Shame In The Scarlet Letter

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Shame Is Lame What is guilt? Every human being has experienced some form of guilt, whether that be forgetting something, lying, or even doing something that is known to go against what is “right.” Guilt is defined as, “recognizing that one of your actions was wrong and may have caused someone else harm. Guilt is feeling sorry for something you did” (Difference Between, p. 1). While guilt may be a good emotion to experience at first, the emotion can lead to shame. Shame differs from guilt by being “an emotion that eats away at your self esteem, and causes one to think of themselves as being intrinsically bad” (p. 1). These two emotions are portrayed in The Scarlet Letter. Written by Nathaniel Hawthorne, we see guilt and shame build up in the…show more content…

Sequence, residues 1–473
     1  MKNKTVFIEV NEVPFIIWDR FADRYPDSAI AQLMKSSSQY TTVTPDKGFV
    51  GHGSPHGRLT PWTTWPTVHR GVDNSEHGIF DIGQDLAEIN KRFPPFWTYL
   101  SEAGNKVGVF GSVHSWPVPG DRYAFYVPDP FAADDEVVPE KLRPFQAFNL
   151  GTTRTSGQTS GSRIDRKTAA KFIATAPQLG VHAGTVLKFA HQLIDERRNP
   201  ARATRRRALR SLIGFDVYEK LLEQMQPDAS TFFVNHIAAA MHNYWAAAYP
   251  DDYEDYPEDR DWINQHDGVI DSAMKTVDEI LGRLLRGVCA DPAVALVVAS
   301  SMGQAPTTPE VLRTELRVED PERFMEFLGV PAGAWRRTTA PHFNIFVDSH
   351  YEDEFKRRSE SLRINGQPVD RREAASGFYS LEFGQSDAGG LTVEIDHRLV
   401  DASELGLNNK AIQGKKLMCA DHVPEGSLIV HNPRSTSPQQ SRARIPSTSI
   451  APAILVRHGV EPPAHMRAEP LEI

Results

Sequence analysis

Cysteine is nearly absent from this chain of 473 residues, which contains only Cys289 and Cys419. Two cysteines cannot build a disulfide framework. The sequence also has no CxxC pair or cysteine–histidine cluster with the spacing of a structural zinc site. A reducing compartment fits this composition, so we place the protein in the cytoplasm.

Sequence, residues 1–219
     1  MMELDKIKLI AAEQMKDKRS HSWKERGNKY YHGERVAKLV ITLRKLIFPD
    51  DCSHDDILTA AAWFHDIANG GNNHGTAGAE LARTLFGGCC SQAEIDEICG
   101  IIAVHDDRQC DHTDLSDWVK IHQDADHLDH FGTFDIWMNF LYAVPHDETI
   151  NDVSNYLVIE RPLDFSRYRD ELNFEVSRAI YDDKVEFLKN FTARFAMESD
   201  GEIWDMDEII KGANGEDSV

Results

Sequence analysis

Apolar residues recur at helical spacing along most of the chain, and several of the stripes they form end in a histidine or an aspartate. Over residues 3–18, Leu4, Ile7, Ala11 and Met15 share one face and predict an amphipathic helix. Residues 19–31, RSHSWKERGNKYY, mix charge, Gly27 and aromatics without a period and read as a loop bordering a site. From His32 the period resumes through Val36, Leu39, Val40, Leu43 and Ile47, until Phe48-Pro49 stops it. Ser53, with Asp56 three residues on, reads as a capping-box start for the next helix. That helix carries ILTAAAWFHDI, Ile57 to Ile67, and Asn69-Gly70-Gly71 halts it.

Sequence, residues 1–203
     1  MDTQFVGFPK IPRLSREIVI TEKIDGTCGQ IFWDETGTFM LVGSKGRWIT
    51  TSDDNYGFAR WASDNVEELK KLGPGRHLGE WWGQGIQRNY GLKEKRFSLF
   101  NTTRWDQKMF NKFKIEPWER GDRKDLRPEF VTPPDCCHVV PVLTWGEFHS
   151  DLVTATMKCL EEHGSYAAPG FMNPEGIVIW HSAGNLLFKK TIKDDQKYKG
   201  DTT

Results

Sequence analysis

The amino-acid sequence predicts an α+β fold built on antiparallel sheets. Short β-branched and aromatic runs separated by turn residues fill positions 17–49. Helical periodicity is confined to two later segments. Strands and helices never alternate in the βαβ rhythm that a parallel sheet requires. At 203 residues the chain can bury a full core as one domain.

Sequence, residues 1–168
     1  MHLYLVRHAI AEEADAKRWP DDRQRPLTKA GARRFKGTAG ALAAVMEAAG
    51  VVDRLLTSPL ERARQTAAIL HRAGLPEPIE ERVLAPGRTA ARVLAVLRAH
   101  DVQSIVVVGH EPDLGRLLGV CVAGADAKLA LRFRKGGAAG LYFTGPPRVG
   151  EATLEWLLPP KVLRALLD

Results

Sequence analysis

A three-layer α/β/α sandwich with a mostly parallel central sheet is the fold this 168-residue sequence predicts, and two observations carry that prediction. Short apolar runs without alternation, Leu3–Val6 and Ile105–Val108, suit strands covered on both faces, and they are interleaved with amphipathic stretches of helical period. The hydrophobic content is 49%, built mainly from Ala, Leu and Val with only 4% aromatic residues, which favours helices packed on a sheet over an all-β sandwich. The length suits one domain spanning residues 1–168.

With no way to cover her sin, Hester accepts who she is as a person, and lets everyone know that she has no intention of hiding her deed. Hester dealt with her guilt by helping others and being productive. She gave away her things to the needy and sewed clothes for the people who accused her. From the very beginning, Hester seems to be a changed woman who recognized her wrong doings. "And never had Hester Prynne appeared more lady-like, in the antique interpretation of the term, than as she issued from the prison. Those who had before known her, and had expected to behold her dimmed and obscured by a disastrous cloud, were astonished, and even startled, to perceive how her beauty shone out, and made a halo of the misfortune and ignominy in which she was enveloped" (Ch. 2). This shows that Hester never attempted to hide her sin, and the description of her sin demonstrates an act of forgiveness. Hester even embroidered the very thing that was supposed to mark her shame. “But the point which drew all eyes, and, as it were, transfigured the wearer,--so that both men and women, who had been familiarly acquainted with Hester Prynne, were now impressed as if they beheld her for the first time,--was that SCARLET LETTER,
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